My favorite arrangements were composed of the solid blue varieties along the edges, with rivers of bicolor running through the middle. Standing alone, ‘Blue’ can seem somewhat too saturated. As a foundation to the bicolor varieties, it shines.

I don’t seem to be the only one entranced by this series of plants. When I posted photos on my Fecebook page, I received comments like:

  • “Wow. That color is amazing.”
  • “I’d plant this in a second.”
  • “Very, very, very yummy”
  • “Makes me think springy ‘I want that’ thoughts.”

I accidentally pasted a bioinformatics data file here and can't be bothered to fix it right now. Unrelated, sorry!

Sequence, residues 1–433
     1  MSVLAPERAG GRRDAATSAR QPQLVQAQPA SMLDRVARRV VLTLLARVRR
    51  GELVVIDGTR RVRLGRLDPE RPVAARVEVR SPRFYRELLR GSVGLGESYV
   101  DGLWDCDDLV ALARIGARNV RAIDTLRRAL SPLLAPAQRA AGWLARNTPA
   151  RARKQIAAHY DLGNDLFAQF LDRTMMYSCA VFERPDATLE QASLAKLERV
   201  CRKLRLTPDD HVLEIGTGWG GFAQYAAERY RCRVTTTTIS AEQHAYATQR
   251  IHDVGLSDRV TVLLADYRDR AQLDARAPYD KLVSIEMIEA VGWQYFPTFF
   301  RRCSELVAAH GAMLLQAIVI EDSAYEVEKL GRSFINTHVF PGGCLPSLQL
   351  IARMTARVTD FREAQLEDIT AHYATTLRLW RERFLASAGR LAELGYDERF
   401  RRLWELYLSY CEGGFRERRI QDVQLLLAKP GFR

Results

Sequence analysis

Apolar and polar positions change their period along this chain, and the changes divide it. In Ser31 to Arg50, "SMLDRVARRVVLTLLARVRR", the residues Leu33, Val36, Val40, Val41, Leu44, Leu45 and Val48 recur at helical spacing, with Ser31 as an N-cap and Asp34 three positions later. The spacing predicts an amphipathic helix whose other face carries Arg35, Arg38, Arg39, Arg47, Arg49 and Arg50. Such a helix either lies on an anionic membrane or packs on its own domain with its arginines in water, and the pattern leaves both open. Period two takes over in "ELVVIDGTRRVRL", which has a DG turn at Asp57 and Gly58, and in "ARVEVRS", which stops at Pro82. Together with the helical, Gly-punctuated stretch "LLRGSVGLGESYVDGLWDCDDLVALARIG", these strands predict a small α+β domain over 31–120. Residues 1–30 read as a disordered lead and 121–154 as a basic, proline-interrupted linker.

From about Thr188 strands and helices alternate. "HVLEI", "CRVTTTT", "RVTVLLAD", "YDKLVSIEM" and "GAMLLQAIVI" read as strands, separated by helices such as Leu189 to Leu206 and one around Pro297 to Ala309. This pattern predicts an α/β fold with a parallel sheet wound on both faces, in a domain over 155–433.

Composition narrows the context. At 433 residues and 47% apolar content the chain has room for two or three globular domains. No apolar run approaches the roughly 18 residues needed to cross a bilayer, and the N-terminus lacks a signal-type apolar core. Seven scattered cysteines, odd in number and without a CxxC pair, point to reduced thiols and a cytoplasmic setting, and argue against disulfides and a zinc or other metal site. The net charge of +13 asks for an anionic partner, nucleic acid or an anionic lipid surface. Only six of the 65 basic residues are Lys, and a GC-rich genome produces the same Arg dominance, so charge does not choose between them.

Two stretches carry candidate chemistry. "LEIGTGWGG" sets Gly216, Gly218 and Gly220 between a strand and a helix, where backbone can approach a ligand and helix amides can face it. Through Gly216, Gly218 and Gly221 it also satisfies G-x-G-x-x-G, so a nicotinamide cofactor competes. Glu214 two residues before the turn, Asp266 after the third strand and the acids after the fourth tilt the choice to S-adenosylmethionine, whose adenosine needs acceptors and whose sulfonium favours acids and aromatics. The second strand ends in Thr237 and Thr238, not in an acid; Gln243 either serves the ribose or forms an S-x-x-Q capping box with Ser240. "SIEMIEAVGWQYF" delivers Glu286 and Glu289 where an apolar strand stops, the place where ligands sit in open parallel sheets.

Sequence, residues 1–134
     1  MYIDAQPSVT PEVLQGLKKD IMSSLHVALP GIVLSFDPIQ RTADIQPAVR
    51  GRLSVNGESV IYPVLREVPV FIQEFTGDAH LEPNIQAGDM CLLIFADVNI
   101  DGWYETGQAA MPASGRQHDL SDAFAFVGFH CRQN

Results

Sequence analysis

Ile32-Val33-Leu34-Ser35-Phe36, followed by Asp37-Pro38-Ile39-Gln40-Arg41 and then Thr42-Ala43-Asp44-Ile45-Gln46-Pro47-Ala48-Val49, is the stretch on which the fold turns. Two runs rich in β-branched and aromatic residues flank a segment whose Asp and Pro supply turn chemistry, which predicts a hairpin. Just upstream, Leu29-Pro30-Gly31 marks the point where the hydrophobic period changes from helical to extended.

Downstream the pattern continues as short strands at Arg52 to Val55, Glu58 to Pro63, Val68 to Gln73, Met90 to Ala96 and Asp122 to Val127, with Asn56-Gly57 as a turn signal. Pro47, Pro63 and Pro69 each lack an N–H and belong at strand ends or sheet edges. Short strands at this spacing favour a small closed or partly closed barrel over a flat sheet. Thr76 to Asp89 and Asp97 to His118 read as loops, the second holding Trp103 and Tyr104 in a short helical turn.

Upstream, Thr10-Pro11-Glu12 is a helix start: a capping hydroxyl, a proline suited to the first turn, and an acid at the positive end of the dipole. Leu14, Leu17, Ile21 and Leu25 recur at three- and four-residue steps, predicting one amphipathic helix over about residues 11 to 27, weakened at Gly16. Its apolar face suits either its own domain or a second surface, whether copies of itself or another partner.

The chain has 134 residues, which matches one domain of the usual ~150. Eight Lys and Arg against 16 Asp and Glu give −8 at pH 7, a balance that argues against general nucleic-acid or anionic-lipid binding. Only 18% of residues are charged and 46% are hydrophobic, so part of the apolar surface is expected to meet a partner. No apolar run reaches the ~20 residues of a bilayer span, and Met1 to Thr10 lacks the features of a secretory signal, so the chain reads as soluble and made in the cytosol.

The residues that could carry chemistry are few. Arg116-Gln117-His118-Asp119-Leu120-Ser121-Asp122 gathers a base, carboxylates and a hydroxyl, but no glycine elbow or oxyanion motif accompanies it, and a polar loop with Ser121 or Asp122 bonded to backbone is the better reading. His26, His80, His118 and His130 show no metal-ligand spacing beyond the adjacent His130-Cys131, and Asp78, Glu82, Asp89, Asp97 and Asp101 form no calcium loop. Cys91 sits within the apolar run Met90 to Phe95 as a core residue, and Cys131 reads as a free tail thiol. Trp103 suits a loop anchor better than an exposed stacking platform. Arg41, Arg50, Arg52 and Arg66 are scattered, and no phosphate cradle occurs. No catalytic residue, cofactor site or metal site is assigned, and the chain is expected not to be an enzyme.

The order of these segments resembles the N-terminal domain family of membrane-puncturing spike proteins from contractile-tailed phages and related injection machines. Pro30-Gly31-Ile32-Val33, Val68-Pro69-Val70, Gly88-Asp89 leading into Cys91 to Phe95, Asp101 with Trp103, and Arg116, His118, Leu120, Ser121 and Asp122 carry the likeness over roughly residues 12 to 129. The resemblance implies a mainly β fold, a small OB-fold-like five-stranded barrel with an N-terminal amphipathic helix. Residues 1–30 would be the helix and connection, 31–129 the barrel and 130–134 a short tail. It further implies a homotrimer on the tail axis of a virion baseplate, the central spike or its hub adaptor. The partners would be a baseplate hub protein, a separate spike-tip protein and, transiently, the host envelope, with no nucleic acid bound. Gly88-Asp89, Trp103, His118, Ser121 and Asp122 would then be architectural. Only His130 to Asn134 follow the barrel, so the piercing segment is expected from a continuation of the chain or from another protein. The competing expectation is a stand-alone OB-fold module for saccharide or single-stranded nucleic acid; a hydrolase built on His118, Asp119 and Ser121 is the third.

• “[I like] all of them! What a color!”

Smitten by definition implies a certain unreasonableness in your fondness for something. In the spirit of objectivity, I do have some concerns about this plant. The foliage is covered by the prolific blooms, so I can’t be sure what they’ll look like once the heat of summer hits and flowering subsides. In my research, I’ve found a recommendation to cut the plants back to half height in summer to stimulate a possible fall rebloom. The flat green foliage, which i can only describe in shape as a mix between annual geranium (Pelargonium) and wild violets (Viola), doesn’t look to have a great deal of ornamental value once the flowers are gone.